The gist of my thinking is that whatever the policy undertaken by the government, it should at least show the public that it has the courage to try and take steps that could be implemented in a brief period of time. The most logical solution, I think, is to manage the traffic based on a restriction on vehicles. Of course, the government should at the same time work hard to prepare a solution that is more holistic and long-term.

However, I had not even completed my explanation of the main points before the deputy governor interrupted to say that there already is an abundance of studies on how to alleviate the city’s congestion. Some in a regulatory form, others involving a rejuvenation of the fleet of city buses and also long-term solutions through better management of macro transportation patterns. But whichever choice is made, these are not short-term solutions, as all would need time. Each proposal has its own weakness and could prompt protests from the public if implemented.

I do understand what the deputy governor was saying about the difficulties the authorities were facing, but as a leader, it would have been great if the deputy governor had been able to listen enthusiastically and respectfully — paying full attention to his conversation partner and allowing him to make his point.

But what happened instead? The deputy governor’s warm and friendly welcome was quickly overshadowed by a situation that was certainly not worthy of a deputy governor and his close entourage. While I was explaining the reasons for the visit that afternoon — to try and help create short-term breakthroughs to curb traffic congestion — the deputy governor was busy typing on his BlackBerry.

I initially thought the deputy governor was busy processing my input, but it turned out that he was in fact communicating with others. Even more painful was that while the deputy governor was busy with his own thoughts, a member of his staff repeatedly interrupted the conversation and addressed the deputy governor using the “loe-gue” jargon for “you” and “me.” I really did not get the impression that I was in the office of a deputy governor. Civility and protocol were simply ignored. This is something that is unacceptable in our culture.

The deputy governor’s attempt to strive for egalitarianism, to not overly crave respect and to try to avoid excessive protocol is commendable and should be supported. However, this does not mean that in a civilized society, the deputy governor’s working environment can do away with the spirit of respecting the institution of a deputy governor as a symbol of leadership. The loe-gue jargon is perfectly acceptable in daily interaction, but it is not appropriate for use in the official environment of a leader like the capital city’s deputy governor.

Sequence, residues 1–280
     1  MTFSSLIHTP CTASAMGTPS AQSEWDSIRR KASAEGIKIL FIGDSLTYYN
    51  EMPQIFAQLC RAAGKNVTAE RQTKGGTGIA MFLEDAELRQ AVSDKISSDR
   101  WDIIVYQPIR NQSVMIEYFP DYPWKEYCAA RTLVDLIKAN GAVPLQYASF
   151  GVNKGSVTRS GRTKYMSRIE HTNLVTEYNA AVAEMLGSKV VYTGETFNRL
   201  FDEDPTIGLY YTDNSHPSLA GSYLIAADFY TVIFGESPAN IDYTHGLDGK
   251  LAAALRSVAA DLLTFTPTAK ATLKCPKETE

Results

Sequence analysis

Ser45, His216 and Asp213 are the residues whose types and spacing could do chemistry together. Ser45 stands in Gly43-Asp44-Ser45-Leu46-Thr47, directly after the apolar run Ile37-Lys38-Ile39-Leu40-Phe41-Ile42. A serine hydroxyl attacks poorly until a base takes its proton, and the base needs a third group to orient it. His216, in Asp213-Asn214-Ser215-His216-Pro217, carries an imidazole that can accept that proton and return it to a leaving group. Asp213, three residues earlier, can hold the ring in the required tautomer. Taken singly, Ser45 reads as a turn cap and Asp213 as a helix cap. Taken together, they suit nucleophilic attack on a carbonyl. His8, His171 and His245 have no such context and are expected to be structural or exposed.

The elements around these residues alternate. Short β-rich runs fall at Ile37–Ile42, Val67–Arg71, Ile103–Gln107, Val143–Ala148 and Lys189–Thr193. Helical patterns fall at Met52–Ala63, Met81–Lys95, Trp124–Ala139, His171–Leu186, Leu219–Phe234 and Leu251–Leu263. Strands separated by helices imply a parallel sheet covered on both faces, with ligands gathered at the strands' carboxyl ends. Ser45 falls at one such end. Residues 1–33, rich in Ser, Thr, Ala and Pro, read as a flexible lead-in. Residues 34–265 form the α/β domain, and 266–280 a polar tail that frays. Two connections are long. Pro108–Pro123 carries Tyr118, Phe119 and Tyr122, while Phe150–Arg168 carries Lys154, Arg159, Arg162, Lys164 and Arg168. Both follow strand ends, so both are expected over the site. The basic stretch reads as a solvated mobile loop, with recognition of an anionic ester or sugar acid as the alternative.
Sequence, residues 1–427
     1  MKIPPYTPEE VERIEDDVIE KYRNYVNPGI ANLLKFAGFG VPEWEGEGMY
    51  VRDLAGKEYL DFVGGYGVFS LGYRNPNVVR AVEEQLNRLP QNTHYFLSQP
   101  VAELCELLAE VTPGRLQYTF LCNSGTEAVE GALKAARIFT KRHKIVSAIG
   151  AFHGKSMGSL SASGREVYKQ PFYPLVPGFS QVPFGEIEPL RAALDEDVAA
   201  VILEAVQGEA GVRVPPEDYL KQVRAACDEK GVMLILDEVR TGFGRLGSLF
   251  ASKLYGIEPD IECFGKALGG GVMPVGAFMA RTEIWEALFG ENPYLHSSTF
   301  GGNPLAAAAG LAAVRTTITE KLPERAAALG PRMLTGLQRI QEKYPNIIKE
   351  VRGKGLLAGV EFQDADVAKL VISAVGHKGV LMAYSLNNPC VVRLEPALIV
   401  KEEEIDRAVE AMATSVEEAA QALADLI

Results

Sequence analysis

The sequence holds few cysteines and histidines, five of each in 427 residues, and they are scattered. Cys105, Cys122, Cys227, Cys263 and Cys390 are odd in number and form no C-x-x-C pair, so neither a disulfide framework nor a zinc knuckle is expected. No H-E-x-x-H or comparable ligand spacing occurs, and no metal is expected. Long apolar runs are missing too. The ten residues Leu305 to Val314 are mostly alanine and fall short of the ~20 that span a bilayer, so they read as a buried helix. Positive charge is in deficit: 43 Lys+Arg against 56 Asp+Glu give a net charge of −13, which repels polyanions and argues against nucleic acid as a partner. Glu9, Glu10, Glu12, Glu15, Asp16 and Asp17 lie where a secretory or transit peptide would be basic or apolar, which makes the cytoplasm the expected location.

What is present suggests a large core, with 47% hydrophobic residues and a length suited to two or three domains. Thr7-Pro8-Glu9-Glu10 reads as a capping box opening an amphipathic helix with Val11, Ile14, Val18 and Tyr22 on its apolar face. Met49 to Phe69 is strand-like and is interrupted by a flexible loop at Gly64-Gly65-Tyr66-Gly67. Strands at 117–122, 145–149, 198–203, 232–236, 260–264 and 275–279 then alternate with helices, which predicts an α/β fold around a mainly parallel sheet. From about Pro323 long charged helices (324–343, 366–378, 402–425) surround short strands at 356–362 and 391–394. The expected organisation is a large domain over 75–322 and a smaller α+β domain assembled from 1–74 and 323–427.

The encounter offers a valuable lesson for those who have chosen to dedicate their lives to public service: learn to be a role model for the people, learn to listen. And stop complaining and blaming each other, because now is the time to really do something.

Peter F. Gontha is the group publisher of BeritaSatu Media Holdings, of which the Jakarta Globe is a part.


What is the end game for all social media investments?

Unspun was conducting a social media workshop recently when the topic settled on KPIs – Key Performance Indicators. The answer was simple but I could tell it was unsatisfying to the audience: it depends.

The audience wanted definite answers to tell them when they were getting their money’s worth if they poured money and resources into using social media to connect with their audiences. It would have been easy to pull one of the metrics suggested by off-the-shelf social media monitoring systems and tell them that that was it; or, try to convince them that hashtags and followers/fans are an indication; or even the by-now-ubiquitious “engagement” metrics mainly of comments to a Facebook posting.

The problem, however, was that we had decided to embark on the road less taken by many communications consultants: to tell the truth even when it can be inconvenient.

And the truth is simple. If you subject an organization or brand’s social media efforts to the question: “What is the end game of getting into social media?” the long-term answer must be “to build belief in the organization/brand.”

This is because on the Net, the audience has an overabundance of choice. The audience is also skeptical and  yet prone to what behavioral and cognitive scientists call System 1 Thinking. In less than a blink of an eye, if you are less than “trustworthy” you would have lost them, perhaps forever.

What this means for organizations and brands, more than ever, is for them to develop a distinct point of view — and, if you are old-fashioned, you could call it character — and use this as a compass to navigate themselves through the virtual sea.